Notre Dame seems to have adopted these statutes accordingly. The emailed message from the Office of Institutional Equity contained a link to its website, where PDF files explain Notre Dame’s policies concerning Discriminatory Harrassment, Sexual Harrassment, and Other Sex-Based Misconduct Policy, its Procedures for Discriminatory Harrassment, Sexual Harrassment, and Other Sex-Based Misconduct and its Non-Retaliation Policy.

The first PDF details, among other things, Notre Dame’s new (federally-mandated) conception of sexual harassment, which, while it now includes “Domestic Violence,” “Dating Violence,” and “Stalking,” has been also been semantically narrowed to cover only “unwelcome conduct determined by a reasonable person to be so severe, pervasive, and objectively offensive that it effectively denies a person equal access to the University’s education program or activity.” This marks a major change from the broader definition of sexual harassment put forth by the Obama administration, which was that any “unwelcome conduct of a sexual nature” ought to be considered sexual harassment.

Due to the new procedural policies listed above, the method by which harassment/assault complaints are made has also changed. According to Oliver, complainants at Notre Dame must now “choose to file a formal complaint, participate in a live hearing, and be subjected to cross-examination.” While the Obama-era guidelines technically allowed for live hearings and cross-examination, these practices were both “discouraged” and were even “strongly opposed,” according to R. Shep Melnick’s report for the Brookings Institute. Now, Melnick says, both are required; Oliver suggested that “the new regulations could have a chilling impact on reporting and/or participation in the process,” perhaps fearing that the obligatory cross-examinations and live hearings might discourage victims from filing formal complaints.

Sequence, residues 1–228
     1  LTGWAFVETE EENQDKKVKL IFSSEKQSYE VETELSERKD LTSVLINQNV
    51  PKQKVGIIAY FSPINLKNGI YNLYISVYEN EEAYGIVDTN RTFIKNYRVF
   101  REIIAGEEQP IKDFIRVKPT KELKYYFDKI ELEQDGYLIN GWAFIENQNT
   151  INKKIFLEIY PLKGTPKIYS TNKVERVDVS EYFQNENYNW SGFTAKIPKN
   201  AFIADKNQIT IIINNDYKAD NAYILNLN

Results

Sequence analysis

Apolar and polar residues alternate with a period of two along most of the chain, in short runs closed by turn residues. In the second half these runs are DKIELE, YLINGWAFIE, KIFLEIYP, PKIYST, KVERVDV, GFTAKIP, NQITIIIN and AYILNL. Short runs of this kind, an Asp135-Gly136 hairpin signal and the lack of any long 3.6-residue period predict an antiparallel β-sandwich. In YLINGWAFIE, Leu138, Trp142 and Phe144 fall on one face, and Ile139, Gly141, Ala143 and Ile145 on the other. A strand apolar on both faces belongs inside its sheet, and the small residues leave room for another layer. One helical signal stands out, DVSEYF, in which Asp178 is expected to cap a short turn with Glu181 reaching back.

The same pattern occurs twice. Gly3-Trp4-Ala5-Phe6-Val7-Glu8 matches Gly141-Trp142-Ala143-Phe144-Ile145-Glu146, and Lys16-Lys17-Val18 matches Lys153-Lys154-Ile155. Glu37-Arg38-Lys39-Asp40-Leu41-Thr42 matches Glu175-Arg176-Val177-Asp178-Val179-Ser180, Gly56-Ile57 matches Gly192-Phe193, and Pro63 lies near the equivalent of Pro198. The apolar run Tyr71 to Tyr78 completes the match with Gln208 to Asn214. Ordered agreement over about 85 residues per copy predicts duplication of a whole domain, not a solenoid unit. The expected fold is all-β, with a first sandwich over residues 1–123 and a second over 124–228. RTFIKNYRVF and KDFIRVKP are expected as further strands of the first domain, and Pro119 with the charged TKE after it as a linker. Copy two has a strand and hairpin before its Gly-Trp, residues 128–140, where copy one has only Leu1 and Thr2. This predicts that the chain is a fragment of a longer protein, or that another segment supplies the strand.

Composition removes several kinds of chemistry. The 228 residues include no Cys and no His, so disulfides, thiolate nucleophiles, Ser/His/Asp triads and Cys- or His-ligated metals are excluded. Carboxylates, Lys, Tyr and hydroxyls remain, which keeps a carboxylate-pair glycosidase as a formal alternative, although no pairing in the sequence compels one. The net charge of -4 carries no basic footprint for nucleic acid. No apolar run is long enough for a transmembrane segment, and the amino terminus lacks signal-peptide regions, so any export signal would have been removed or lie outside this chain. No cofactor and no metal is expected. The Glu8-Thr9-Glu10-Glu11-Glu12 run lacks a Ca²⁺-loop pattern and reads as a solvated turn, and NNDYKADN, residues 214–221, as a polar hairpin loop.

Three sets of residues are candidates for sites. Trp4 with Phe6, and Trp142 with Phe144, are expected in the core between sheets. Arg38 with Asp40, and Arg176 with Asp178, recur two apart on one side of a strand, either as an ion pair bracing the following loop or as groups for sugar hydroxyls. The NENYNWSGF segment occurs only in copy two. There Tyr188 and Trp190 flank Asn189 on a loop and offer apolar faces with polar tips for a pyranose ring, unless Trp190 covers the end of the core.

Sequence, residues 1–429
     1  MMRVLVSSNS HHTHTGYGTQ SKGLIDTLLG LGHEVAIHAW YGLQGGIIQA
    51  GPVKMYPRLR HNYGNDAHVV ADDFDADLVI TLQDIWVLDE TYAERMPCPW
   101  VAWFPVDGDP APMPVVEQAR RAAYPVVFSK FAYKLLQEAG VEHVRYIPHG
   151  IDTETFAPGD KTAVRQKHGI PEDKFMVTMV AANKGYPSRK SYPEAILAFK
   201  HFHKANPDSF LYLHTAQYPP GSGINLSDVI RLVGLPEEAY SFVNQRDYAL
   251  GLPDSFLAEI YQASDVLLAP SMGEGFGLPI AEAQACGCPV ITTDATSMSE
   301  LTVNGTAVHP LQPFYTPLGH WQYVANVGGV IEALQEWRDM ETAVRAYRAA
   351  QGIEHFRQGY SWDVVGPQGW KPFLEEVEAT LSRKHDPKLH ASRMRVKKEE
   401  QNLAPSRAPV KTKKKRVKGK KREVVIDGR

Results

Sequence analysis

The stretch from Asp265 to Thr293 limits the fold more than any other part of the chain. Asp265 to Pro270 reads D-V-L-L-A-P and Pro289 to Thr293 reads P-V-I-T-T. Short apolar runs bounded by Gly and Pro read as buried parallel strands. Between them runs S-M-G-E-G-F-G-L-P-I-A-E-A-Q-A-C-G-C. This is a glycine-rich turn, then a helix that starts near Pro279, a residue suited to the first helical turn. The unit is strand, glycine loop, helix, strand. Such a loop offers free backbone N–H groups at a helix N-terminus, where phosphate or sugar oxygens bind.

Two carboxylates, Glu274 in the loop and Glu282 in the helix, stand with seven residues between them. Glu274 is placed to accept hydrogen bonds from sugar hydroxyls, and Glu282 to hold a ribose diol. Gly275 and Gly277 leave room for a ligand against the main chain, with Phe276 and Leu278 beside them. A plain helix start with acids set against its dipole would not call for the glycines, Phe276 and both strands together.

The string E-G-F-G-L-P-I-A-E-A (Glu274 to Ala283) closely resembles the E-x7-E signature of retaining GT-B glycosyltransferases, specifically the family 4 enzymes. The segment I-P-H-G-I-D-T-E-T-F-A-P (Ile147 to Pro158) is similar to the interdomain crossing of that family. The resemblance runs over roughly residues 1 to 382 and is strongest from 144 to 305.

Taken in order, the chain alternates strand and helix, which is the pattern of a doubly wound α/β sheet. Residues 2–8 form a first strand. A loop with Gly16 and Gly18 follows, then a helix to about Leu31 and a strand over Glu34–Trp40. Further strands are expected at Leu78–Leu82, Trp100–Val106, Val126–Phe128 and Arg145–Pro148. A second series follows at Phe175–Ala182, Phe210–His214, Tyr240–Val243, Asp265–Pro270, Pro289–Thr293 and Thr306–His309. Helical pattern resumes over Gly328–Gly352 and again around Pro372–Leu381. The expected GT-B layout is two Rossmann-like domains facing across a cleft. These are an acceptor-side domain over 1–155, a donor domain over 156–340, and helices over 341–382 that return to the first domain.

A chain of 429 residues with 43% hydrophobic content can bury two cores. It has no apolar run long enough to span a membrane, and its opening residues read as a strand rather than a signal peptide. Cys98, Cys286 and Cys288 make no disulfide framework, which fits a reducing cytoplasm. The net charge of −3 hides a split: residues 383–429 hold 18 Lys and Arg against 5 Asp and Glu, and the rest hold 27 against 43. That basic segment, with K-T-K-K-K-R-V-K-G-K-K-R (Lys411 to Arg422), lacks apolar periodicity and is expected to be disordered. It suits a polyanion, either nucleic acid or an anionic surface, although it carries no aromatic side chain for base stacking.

Other changes include the express prohibition of the “single investigator” approach to sexual harassment and violence cases, which Melnick says was encouraged during the Obama era; “respondents” may now be accompanied by “advisors” during all stages of a complaint.